The Labour Party faced a very difficult decision yesterday in interpreting its own rules as to whether Corbyn did or did not need to collect sufficient nominations from MPs and MEPs in order to be a candidate in the forthcoming leadership election. The issue may yet end up in court for a final determination as to the ‘correct’ interpretation of a rather vague piece of wording.
I’m not without some experience in the area of rules and regulations for party governance – during my period as chair of Plaid Cymru, interpreting the rules went with the job. There were always those who felt that there were too many rules or that the rules were over-complex, but one thing that I learnt over the years was this: as long as members of an organisation behave in a comradely fashion, respecting the values and ethos of the organisation, you basically don’t need many rules at all.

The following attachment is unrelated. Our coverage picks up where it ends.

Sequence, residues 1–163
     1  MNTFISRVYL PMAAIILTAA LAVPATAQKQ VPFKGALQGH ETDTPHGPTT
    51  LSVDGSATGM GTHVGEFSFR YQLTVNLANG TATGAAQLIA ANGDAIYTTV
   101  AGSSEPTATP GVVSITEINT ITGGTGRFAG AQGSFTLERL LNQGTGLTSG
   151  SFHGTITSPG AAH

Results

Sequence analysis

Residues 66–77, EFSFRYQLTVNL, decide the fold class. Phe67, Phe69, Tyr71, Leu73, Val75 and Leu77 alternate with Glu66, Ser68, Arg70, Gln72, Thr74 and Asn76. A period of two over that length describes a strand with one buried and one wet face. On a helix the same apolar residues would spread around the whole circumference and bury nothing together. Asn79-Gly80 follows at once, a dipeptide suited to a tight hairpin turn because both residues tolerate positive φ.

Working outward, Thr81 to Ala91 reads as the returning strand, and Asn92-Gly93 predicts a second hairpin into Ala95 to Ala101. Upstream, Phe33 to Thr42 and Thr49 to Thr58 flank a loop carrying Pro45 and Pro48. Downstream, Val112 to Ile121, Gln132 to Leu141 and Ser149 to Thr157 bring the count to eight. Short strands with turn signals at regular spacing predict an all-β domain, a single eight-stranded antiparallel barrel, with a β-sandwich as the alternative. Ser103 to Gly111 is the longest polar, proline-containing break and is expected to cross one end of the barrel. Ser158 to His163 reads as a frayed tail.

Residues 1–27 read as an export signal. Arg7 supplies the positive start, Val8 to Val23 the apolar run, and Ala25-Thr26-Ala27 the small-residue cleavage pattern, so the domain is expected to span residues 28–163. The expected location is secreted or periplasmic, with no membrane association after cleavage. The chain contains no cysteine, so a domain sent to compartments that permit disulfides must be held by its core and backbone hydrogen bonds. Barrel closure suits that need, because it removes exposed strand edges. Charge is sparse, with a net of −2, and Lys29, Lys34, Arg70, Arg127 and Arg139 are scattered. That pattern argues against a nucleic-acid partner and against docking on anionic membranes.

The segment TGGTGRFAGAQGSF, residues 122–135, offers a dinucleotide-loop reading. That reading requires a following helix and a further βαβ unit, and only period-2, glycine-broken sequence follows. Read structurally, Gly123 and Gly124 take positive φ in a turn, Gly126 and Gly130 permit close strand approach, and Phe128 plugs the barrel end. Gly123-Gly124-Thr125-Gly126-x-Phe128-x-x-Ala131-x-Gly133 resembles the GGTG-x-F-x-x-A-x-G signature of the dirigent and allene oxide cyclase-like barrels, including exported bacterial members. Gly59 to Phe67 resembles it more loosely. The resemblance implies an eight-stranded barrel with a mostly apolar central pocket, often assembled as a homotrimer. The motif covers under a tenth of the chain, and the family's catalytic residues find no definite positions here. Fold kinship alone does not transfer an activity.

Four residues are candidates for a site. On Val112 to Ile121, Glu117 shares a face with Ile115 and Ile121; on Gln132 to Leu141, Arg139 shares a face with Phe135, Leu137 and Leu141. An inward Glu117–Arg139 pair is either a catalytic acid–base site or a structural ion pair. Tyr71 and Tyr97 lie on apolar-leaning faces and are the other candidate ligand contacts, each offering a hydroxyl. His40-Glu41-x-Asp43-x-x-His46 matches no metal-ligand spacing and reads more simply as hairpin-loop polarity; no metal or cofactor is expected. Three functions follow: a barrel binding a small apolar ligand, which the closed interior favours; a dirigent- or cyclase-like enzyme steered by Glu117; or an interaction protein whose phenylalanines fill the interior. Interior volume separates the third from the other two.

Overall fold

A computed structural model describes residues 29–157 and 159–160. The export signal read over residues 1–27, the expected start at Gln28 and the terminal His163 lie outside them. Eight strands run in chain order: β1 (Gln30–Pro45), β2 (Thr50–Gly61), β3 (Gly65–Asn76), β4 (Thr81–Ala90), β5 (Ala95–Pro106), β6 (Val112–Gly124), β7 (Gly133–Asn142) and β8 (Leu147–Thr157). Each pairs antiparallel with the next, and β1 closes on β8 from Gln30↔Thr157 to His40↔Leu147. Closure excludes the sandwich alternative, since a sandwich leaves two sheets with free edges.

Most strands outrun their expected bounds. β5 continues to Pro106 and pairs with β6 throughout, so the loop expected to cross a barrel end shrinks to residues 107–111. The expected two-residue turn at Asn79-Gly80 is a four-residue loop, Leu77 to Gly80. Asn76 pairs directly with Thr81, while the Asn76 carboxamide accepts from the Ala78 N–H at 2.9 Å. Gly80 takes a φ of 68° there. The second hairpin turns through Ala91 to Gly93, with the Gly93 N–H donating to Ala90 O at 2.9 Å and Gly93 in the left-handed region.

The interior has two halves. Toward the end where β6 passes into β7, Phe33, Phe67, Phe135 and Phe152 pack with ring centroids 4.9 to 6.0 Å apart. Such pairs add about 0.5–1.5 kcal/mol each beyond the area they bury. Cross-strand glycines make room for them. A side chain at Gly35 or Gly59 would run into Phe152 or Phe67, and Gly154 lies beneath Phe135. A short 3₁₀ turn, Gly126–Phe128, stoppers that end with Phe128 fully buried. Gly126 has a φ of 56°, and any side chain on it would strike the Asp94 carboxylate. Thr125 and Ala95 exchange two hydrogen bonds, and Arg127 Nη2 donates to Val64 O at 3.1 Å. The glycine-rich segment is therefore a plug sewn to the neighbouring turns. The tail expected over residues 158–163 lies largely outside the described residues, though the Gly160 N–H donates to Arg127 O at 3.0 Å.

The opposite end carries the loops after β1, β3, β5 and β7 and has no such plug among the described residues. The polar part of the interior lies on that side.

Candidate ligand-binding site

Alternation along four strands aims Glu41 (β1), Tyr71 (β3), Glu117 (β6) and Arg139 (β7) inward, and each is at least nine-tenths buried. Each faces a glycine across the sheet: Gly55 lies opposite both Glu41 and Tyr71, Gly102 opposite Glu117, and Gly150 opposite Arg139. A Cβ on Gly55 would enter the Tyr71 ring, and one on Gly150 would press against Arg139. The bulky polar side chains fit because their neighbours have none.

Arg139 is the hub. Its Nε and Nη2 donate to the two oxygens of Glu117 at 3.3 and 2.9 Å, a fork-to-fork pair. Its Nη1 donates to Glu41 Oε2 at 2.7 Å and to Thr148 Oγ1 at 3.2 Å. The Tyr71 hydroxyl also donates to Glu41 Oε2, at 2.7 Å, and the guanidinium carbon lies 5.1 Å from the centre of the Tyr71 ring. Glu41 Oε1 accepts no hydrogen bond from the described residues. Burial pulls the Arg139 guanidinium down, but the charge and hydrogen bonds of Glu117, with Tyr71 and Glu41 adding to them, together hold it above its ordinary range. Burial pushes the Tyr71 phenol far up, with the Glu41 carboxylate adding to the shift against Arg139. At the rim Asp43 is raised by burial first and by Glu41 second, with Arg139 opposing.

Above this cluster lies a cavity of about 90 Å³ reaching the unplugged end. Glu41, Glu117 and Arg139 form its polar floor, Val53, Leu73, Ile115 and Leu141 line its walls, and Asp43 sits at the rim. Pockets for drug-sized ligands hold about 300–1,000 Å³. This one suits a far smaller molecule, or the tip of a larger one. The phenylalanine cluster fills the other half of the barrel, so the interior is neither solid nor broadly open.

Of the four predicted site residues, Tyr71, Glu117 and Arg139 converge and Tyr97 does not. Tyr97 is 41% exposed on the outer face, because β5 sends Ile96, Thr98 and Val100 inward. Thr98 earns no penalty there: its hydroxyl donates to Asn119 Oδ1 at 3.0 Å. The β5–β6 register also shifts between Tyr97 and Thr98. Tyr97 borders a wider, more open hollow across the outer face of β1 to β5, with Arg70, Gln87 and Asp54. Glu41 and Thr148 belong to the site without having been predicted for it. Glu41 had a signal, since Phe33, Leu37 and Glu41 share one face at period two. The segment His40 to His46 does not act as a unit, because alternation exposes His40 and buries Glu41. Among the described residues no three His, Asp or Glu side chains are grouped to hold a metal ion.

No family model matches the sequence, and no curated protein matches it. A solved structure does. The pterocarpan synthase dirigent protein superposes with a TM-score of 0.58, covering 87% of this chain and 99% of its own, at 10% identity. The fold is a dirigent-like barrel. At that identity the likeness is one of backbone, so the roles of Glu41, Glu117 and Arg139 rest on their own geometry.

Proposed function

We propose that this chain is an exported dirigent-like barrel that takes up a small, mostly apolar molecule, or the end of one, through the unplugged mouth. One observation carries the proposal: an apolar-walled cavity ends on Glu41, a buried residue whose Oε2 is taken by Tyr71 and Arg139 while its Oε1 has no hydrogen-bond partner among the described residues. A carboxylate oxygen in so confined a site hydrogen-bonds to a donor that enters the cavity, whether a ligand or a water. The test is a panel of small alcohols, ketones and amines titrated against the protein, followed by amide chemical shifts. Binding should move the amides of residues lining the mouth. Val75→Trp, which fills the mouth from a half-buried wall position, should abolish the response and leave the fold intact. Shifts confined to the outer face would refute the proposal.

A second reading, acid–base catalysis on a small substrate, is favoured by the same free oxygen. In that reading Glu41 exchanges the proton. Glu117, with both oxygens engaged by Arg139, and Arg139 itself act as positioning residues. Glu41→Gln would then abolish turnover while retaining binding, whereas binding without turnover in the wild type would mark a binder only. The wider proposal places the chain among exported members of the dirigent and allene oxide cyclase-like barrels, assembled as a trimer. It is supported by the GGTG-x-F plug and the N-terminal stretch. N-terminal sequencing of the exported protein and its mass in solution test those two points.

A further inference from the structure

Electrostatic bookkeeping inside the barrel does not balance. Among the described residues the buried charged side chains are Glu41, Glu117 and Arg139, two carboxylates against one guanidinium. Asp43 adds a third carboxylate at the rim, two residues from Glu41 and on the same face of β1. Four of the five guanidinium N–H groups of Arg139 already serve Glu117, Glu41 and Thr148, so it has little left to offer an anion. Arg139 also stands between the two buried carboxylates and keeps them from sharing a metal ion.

Rules only become essential when one or more members decide to seek advantage, whether personal or for a faction, by working in ways which don’t respect those values and ethos. When that happens, you not only need rules, you need as much certainty as possible, and the rules need to cope with every possible eventuality, because the unscrupulous will not hesitate to take advantage of any possible loophole. But the rules need to be laid down in advance, and it’s nigh on impossible to cover every possible circumstance; rules end up with an often implicit assumption that people will ‘play the game’ in the spirit of being part of a team.From that perspective, I have a certain amount of sympathy for Labour’s officials and the position in which they find themselves (even if watching the party self-destruct isn’t an entirely unpleasant experience!). I’d guess that those involved in writing this particular part of the rule book simply never imagined that a leader could be elected who didn’t have the support of the MPs from the outset, nor that MPs would then seek to use the rules to overturn a democratic and popular decision made by the party as a whole, let alone start planning said coup before the members had even elected the leader in question.